Paul Austin

Paul Austin is the director of Conservation Minnesota, a statewide non-profit. In that role, he gets to hear and share Minnesotan’s stories about our lakes, lands and way of life. Paul’s past lives include election as a small town mayor, serving at the US Agency for International Development, and managing a small marketing firm. He lives in Minneapolis with his wife, two small children and one very large dog.

Protecting Children from Toxic Chemicals

Posted by: Paul Austin Updated: February 21, 2013 - 10:42 AM

Today, the Minnesota Senate will begin debating legislation that seeks to build on previous work to get harmful chemicals out of the products our kids use daily. 

In 2009, the legislature passed the Toxic Free Kids Act, which directed the Minnesota Department of Health and the Pollution Control Agency to create a list of chemicals used in manufacturing that should be of high concern to parents.  The resulting list included formaldehyde, BPA, lead, cadmium, three phthalates and two flame-retardants. 
 
This year, the groups that helped push the initial research into the chemicals are asking for the next logical step from the legislature, a plan for how to remove these chemicals from local store shelves.  In many cases, safe alternative compounds are readily available, but manufacturers need some incentive to make the switch.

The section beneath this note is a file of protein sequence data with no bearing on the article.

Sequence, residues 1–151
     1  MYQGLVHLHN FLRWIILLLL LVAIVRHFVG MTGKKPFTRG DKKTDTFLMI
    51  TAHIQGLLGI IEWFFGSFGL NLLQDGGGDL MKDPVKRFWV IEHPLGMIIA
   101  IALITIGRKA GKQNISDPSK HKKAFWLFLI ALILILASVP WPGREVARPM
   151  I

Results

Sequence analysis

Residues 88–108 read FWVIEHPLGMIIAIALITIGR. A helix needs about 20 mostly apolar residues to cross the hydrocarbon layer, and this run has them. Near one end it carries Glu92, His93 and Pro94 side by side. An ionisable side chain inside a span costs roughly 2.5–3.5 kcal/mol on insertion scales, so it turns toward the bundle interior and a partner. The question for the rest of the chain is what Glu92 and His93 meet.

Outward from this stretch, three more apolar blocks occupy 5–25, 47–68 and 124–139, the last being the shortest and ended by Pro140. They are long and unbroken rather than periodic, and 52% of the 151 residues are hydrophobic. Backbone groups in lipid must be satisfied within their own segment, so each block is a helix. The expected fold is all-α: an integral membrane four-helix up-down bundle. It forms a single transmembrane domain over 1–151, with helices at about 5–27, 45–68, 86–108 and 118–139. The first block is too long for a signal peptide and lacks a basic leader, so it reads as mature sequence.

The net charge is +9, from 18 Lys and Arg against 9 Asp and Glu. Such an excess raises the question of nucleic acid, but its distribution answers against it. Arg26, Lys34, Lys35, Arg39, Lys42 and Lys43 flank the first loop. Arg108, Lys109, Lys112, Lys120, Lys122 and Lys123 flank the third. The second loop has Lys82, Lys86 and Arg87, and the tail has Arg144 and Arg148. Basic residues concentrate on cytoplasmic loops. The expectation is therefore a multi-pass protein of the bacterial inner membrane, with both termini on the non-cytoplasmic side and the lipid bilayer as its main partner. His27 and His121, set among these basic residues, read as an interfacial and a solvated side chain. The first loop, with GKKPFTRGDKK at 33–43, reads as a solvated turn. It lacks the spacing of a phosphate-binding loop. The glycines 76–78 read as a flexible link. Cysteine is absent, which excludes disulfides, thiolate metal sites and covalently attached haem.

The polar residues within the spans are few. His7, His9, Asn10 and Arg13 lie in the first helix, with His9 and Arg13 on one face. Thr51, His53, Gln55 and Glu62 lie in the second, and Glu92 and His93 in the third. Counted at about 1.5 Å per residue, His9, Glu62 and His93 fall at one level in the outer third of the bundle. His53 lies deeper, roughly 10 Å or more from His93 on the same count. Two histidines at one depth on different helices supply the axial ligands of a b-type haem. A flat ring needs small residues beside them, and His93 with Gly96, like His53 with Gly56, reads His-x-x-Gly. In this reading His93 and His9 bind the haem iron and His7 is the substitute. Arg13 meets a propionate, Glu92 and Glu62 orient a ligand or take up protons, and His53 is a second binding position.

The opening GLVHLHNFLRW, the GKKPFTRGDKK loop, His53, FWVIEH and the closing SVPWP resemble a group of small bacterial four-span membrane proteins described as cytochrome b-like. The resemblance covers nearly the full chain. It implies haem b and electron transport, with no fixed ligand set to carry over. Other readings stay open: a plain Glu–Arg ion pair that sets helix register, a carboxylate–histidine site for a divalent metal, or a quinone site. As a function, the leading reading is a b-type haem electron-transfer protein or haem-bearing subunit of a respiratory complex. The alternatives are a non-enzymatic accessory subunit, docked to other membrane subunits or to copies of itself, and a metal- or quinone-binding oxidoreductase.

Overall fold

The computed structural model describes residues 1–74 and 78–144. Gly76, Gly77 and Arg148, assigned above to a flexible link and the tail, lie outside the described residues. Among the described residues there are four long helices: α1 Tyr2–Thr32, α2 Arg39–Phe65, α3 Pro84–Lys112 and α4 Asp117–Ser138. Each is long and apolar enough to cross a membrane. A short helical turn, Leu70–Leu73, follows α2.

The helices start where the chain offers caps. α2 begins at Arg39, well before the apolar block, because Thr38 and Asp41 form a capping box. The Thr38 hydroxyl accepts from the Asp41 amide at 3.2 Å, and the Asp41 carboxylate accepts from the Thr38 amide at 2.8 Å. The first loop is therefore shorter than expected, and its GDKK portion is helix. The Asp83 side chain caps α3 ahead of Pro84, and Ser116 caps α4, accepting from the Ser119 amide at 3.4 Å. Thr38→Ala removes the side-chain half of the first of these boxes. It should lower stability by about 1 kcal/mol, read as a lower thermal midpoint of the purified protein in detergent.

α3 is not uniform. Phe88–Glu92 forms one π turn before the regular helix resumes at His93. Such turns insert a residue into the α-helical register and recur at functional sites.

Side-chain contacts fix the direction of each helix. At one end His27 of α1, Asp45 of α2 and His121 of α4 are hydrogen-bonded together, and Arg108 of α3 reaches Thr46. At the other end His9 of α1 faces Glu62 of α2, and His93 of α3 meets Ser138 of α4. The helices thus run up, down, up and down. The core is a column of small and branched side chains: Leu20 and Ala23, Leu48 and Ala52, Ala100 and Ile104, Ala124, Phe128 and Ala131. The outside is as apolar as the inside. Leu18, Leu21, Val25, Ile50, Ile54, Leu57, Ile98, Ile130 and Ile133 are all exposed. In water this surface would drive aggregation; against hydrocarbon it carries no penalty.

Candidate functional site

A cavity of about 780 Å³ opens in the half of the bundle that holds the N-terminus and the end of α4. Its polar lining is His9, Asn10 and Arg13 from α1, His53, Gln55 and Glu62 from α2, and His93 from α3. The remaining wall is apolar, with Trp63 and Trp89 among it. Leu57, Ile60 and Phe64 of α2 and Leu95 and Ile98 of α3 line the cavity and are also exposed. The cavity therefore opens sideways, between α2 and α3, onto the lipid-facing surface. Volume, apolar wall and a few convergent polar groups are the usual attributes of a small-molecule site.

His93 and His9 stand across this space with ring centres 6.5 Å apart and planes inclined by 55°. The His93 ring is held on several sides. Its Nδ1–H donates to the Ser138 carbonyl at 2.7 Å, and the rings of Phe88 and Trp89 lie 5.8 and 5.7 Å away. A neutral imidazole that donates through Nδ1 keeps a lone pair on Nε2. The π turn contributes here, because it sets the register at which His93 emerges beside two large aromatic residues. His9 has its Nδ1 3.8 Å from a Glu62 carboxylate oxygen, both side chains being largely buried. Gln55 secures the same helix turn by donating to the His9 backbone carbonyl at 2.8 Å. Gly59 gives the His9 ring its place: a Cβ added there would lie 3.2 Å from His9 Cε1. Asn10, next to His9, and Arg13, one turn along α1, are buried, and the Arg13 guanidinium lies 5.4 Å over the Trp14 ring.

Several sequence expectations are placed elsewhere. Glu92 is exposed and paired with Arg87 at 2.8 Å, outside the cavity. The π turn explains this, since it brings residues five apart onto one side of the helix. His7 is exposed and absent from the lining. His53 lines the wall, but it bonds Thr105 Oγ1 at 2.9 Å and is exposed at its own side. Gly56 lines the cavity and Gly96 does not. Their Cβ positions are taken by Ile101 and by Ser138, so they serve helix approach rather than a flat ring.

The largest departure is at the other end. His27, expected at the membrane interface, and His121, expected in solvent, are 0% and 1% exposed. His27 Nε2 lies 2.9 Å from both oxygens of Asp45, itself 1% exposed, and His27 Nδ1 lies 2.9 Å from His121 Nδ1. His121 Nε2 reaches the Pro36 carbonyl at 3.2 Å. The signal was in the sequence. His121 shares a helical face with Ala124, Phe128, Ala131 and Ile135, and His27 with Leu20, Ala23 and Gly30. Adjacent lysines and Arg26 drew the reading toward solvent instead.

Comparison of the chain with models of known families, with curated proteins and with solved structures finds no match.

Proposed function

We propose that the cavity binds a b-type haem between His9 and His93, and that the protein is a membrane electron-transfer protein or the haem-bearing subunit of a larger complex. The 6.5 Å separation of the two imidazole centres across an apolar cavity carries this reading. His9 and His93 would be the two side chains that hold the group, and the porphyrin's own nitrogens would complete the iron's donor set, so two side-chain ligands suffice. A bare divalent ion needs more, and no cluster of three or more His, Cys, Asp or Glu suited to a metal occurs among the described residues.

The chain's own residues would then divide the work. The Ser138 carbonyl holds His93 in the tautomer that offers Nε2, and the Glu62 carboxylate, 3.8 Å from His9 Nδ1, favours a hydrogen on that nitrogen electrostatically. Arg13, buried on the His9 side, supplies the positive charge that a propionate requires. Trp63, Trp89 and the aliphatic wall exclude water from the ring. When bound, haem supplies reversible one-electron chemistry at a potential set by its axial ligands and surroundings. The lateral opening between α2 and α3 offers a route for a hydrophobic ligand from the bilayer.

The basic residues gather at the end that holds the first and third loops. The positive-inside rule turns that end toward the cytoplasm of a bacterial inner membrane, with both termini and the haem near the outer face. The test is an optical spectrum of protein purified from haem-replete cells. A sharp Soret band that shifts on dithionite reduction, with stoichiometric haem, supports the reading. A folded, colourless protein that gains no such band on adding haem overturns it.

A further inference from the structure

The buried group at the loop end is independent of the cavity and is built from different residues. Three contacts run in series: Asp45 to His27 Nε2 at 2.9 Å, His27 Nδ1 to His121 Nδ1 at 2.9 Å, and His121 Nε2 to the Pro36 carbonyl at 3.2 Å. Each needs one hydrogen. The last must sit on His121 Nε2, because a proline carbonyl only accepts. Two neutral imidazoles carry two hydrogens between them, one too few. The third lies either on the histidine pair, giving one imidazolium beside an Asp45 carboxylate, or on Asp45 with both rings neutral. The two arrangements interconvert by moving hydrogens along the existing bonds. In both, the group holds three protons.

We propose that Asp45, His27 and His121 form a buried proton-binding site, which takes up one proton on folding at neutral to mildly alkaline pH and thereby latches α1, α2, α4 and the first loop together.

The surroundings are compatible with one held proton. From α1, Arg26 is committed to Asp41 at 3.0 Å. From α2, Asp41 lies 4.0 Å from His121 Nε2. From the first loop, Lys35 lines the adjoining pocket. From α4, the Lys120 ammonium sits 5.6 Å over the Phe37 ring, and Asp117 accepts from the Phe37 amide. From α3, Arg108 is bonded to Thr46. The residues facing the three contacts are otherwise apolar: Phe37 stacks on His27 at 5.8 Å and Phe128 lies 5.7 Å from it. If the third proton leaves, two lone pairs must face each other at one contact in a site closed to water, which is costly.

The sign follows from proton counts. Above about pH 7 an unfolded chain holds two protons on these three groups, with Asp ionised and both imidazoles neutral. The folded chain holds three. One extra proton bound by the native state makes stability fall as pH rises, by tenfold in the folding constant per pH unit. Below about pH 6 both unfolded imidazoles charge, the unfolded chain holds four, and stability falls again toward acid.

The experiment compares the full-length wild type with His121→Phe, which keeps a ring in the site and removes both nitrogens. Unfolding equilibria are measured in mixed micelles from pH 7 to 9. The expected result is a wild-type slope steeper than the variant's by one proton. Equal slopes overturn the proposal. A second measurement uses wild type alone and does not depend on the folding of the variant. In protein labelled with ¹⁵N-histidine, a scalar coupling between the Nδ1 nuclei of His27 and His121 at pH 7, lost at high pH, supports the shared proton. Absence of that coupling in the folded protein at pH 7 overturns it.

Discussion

So, the Toxic Free Kids Act of 2013 (SF466/HF605) will require all manufacturers to list the inclusion of these chemicals in their products, and will give the state the authority to require gradual phase-out of the chemicals.  A second bill, TheFormaldehyde in Children’s Personal Care Products Act (SF357/HF458) will require personal care products intended for children under 12 to be formaldehyde-free within a year. And finally, the BPA in Children’s Food Packaging Act (SF379/HF459) will require manufacturers to stop using BPA in all food packaging intended for children less than 12 years old within a year.
 
While this may all seem like common sense, it is amazing how many types of baby food jars, soup cans and kids shampoos still contain chemical compounds that the state has identified as being potentially toxic.
 
I am interested in hearing what you think.  Is removing toxic chemicals from children’s products an important issue for Minnesota to address?  Let me know what you think about this and other issues being debated this year by taking Conservation Minnesota's Two Minute Survey.  

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